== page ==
A few weeks ago, I set out, in a list form, some minimum conditions which make a party worth calling “democratic”. Events in recent weeks have encouraged me to expand on the list.
1) The determined obsolescence of leadership roles
When I first wrote this, I had in mind two things: leadership as a concept and the possession of leadership roles. On the first of them, something that stymies politics in our age is the sense that all the parties are led by people from the same class, the same universities, with interchangeable politics. It feels like “they” as a class are the only ones allowed to speak and they make all the decisions. Left-wing organisations should not fall into the same trap, and should not adapt to the long-term aspects of neo-liberalism that are causing all sorts of associations (not just parties but trade unions, churches, charities etc) to decline. Politics in any healthy group has to be done by as many of the members as possible. Unless a group’s “activity” is done by its members (and not by full-timers) its democracy will wither.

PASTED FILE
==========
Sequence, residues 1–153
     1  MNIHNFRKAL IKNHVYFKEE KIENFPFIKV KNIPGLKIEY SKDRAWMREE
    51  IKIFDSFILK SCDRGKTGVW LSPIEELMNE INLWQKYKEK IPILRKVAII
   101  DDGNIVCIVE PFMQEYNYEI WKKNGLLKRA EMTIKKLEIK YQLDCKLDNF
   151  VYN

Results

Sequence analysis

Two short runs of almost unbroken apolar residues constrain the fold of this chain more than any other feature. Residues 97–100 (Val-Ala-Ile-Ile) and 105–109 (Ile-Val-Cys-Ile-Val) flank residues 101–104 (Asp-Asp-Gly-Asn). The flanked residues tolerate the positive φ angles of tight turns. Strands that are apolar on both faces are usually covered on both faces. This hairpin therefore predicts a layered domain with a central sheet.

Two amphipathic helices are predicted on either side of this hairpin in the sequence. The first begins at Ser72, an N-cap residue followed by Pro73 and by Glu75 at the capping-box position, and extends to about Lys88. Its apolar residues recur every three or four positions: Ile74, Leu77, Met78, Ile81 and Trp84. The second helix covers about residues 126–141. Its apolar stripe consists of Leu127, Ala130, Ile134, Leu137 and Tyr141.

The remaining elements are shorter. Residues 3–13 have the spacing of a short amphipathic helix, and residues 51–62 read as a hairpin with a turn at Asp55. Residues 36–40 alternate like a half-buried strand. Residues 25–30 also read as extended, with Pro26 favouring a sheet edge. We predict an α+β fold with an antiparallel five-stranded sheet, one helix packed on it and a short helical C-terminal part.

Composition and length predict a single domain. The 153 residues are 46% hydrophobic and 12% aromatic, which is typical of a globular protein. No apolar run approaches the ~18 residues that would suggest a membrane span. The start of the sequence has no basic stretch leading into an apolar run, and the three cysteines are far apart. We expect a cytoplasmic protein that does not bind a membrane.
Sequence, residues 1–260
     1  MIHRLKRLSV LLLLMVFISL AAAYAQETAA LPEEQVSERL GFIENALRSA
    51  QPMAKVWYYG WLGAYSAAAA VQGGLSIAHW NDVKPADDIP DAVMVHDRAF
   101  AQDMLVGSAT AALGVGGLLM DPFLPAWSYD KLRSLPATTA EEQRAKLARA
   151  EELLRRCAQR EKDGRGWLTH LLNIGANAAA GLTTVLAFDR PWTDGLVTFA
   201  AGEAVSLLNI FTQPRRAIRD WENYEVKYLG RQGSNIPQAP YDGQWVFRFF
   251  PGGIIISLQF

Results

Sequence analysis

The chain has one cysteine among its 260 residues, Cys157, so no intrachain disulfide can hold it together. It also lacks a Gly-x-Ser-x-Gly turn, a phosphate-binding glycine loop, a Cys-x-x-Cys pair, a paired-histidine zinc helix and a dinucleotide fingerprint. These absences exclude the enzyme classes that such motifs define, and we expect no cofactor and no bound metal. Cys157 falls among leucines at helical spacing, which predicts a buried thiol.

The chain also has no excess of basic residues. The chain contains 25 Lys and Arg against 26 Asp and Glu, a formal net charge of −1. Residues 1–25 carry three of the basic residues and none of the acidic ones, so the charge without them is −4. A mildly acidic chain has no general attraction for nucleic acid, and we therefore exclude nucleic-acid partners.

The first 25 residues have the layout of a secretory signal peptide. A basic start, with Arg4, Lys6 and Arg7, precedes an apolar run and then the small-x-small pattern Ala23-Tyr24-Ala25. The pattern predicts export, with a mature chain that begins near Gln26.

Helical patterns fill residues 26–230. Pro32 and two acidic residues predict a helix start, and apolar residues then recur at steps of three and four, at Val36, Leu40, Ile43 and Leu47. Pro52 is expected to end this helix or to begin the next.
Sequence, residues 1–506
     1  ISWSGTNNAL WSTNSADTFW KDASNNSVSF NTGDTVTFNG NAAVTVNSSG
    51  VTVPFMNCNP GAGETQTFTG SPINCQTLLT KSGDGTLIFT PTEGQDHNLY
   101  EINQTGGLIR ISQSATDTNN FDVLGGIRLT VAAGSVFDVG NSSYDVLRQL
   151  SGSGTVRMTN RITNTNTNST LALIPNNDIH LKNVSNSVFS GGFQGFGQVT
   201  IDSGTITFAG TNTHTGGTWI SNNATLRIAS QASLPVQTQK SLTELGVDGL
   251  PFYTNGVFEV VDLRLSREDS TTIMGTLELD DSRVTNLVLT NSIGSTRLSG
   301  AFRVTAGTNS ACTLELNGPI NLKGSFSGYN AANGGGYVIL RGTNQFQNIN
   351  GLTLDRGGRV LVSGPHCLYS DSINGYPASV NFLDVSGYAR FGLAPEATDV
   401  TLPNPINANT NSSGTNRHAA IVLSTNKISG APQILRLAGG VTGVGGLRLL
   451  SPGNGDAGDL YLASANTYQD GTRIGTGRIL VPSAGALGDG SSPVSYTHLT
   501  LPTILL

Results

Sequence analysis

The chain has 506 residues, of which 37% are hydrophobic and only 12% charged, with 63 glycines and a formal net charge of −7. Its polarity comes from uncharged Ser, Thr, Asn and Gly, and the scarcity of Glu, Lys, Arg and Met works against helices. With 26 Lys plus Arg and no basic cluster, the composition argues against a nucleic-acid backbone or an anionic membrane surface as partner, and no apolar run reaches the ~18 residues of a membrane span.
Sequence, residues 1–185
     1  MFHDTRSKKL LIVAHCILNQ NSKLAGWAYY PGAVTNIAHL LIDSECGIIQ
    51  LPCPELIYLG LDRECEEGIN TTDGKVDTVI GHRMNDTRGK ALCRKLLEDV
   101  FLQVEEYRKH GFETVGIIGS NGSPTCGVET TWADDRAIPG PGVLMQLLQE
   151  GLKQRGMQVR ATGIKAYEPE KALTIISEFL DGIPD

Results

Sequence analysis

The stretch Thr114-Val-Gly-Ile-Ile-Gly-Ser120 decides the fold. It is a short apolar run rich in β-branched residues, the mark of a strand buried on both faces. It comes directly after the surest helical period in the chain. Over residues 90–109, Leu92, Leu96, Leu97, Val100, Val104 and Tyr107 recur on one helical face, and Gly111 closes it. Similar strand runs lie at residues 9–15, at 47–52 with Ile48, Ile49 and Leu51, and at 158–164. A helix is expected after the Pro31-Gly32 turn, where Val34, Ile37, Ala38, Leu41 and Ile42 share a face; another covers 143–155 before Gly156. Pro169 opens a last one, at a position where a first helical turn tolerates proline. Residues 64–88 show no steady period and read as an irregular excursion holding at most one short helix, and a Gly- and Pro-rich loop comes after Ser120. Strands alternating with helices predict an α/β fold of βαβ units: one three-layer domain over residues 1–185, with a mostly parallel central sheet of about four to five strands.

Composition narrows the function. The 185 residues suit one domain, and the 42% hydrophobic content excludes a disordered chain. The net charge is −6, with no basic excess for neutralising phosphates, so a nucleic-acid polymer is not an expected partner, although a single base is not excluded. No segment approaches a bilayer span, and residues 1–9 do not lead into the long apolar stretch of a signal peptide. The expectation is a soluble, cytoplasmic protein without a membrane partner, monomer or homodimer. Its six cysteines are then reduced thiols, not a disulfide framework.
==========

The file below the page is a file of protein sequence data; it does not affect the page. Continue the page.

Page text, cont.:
The other dynamic I had in mind was that healthy groups encourage turnover in leadership roles. We can all think of left-wing parties dominated by single individuals who have been in (sometimes the same) leadership roles for more than 30 years. It is the political equivalent of what people in the unions used to called Convenor’s Disease, i.e. the assumption that only you as an individual can play X role, causes you to actually do everything in your power to stop anyone else playing that role. We don’t have Convenor’s Disease any more because the unions which used to practise it were smashed, the brittleness of their collective leaderships being a (small) part of the reason for their defeat.
This is something which most healthy organisations on the left have grasped intuitively. If you looked at old copies of the International Socialism journal, it is striking how quickly comrades were brought on to the editorial board, and (usually without rancour) eased out, and (often) brought back again. Leadership turnover is usually a sign of health.